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Smartbell rings in the Internet of Cows

Cropped shot of a farmer using her tablet while standing outside with her cows.

Early in 2016 engineer and Cambridge MBA graduate Jose Chitty found himself pitching three-month-old start-up Smartbell to an audience featuring the great and the good of the Cambridge Cluster, technology specialists from across the UK, and, prominent in the front row, HRH the Duke of York. Holding high a cuddly black and white toy cow named Daisy, Jose succeeded in capturing their attention: “Welcome,” he said, “Welcome to the Internet of Cows.”

The founders of Smartbell, Jose Chitty (MBA 2014) and Veena Adityan, are gaining a reputation as agri-tech game-changers with technology that connects cows to the internet. They have secured an R&D grant from the Eastern Agri-Tech Growth Initiative which is enabling them to develop the Smartbell product line for dairy and other livestock. The startup has attracted much media coverage and been featured in the Economist and BBC Look East.

The Smartbell technology that underpins the Internet of Cows is a fitness tracker that’s attached to each animal. It improves herd health and yields by giving farmers advance warning of significant threats to well-being such as reduced activity and lameness. Smartbell is running a trial on the Cambridge University Farm herd, having completed a feasibility pilot last year. CEO Veena is already excited about the next milestone: “By the time this trial ends in early spring, we’ll be ready to implement our technology on a wholly commercial farm.”

Adding value with meaningful ventures

Veena’s expertise is in technology and cloud-based architecture, and after a ten-year career working with Amazon in Seattle and San Francisco, she found the lure of the start-up hard to resist: “I interviewed with a couple of companies in Silicon Valley, but the Cambridge start-up scene has an emphasis on meaningful venture creation I found very attractive. I felt that if I relocated to Cambridge I could add more value.” With her goal still very much an entrepreneurial career, Veena signed up for the Cambridge MBA. “Once I was part of Cambridge Judge Business School’s (CJBS) community, I was able to develop my own idea for a start-up and explore the support available for hi-tech start-ups in and around the University. I seized those opportunities with both hands!”

Veena and Jose joined forces at the Entrepreneurship Centre’s Venture Creation Weekend run in the Autumn of 2015 on the theme of the Internet of Things and Smart Cities. After an intense two days of ideation, pitching and networking, the Smartbell team won first place in the competition and subsequently gained a place on the Accelerate Cambridge programme.

“The impulse behind Smartbell is simple,” explains Veena. “We wanted to use our technological expertise to improve animal welfare and increase our connection with the environment.” Veena’s research had convinced her that the relatively low-tech dairy farming sector was the place to start. “I knew the dairy industry was struggling and realised early on that our technology could have a deep impact on operational efficiency by early detection of sickness in a herd.”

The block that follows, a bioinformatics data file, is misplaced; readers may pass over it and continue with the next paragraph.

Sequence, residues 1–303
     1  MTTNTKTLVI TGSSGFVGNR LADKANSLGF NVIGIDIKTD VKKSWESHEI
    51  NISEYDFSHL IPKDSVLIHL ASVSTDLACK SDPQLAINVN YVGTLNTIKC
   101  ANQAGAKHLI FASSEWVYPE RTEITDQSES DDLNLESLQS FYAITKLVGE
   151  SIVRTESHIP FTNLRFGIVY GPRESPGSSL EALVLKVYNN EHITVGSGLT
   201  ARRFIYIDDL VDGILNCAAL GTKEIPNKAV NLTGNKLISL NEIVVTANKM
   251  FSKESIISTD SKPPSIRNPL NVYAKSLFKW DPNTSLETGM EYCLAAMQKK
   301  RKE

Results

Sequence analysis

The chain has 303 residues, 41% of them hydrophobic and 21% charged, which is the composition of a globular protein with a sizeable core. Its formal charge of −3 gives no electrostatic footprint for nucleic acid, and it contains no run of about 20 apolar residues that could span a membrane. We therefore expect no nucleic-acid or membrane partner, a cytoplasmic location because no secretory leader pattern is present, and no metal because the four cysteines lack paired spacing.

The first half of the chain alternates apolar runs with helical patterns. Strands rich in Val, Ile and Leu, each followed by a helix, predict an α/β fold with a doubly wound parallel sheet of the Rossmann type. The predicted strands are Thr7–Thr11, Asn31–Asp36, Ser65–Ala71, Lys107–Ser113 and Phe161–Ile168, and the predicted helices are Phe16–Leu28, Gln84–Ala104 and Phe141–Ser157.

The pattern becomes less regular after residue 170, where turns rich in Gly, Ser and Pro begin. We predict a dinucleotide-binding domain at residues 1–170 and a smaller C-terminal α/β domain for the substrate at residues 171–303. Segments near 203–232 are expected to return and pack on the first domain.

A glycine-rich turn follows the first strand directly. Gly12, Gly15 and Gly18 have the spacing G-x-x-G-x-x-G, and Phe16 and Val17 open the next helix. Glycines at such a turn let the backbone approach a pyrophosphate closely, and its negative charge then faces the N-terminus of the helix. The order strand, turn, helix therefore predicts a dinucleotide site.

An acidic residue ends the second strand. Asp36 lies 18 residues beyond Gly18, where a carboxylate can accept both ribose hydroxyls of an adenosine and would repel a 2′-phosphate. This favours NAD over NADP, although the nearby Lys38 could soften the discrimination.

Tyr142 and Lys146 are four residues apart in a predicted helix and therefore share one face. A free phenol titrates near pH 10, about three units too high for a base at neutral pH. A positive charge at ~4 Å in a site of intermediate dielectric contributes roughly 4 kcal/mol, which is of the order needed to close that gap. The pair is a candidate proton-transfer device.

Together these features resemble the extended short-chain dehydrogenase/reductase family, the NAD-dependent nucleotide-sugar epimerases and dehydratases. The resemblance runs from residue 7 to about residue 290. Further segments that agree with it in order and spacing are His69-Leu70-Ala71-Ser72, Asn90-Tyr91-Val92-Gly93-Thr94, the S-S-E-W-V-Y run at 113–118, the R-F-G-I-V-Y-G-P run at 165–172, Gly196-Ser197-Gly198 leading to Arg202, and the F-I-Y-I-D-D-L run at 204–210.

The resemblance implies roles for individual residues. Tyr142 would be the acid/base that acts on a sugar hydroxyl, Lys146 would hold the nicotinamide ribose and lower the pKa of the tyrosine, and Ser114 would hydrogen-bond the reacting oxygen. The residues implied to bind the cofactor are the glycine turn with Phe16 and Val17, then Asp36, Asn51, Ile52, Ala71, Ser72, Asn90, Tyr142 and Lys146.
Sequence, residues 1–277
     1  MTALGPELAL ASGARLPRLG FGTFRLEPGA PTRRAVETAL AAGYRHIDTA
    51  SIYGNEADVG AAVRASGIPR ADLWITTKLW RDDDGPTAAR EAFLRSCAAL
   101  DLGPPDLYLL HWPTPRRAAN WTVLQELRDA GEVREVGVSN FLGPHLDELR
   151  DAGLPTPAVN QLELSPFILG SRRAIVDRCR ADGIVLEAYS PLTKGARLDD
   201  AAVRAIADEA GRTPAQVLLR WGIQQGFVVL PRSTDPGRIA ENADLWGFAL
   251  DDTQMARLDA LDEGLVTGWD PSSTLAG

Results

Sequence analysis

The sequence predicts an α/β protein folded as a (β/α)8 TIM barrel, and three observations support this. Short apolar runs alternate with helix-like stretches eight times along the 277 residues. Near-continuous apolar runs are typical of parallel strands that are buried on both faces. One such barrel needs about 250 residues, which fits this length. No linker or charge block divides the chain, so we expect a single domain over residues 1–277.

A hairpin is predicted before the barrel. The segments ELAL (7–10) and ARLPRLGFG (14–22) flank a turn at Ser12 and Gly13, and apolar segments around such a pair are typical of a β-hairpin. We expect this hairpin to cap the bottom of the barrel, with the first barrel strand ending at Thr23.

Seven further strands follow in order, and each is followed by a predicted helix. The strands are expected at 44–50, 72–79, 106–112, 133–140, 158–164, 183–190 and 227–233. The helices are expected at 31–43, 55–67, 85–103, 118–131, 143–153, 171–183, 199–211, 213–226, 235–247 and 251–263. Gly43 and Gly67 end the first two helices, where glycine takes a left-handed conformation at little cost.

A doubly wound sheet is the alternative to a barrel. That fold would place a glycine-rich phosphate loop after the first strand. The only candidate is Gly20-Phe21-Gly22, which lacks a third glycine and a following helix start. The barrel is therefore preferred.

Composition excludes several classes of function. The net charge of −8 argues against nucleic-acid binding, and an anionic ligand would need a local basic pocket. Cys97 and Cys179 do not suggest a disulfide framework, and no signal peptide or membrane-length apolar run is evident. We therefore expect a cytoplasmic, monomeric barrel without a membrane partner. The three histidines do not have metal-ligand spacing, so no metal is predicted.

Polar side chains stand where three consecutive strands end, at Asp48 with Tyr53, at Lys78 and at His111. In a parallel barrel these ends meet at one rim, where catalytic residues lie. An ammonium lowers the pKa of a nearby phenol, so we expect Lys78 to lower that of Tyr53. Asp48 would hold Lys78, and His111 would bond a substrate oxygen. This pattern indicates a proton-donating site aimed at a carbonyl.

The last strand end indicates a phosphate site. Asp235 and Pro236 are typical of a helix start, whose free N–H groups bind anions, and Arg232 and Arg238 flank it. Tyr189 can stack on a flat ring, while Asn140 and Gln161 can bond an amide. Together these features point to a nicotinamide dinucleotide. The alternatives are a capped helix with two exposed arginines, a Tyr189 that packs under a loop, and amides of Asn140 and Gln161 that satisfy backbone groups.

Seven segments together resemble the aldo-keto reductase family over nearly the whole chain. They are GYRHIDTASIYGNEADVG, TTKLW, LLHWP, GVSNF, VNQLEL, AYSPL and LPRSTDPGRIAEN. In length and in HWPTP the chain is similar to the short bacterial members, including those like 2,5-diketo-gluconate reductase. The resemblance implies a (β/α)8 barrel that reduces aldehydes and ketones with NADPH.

Fast-track to traction

When launching Smartbell, Veena appreciated that she while she had considerable experience in software development, project planning and management, she hadn’t come across many cows, much less many dairy farmers during her time at Amazon. Jose’s background in the oil and gas industry saw him travel the world rotating through postings in Brazil and Argentina, Texas and Dubai, but was similarly lacking in agricultural expertise. “I ran programmes in 35 countries in six years, and was on a fast-track to the board room,” says Jose, “but, like Veena, I was definitely looking for something where I could make more of an impact.” Both understood from the beginning that the strength and contribution of entrepreneurs everywhere is their ability to translate their own specific expertise to a wider benefit.

“Support from the coaches at Accelerate Cambridge complemented our own experience and helped us prioritise our focus so that within a very short space of time we were seen as relevant, exciting interest and getting traction in the agri-tech sector,” says Jose. “The value of the coaches is that they each share their own expertise and experience, so that as we develop our business we can get impartial informed feedback. They helped us answer the question: what are we missing?

Business benefits from time and independence

“I came to Cambridge because of its exceptional start-up ecosystem, and there’s no doubt that the Cambridge Cluster really works”, Veena observes. “Being part of the Accelerate Cambridge programme opens doors and makes connections like nothing else.” At the same time, Veena points out, “it can be a scary and intimidating world.” The impartial, coordinated support from the tight-knit coaching team and Accelerate Cambridge Director, Hanadi Jabado, taught them to swim in what can be dangerous waters. “Being part of the Accelerate Cambridge family has certainly helped us dodge a few bullets,” says Veena. As Smartbell moves toward its first formal funding round Jose agrees: “Above all, support from such an early stage not only accelerated us from from idea to implementation, it’s bought time and independence for the Internet of Cows.”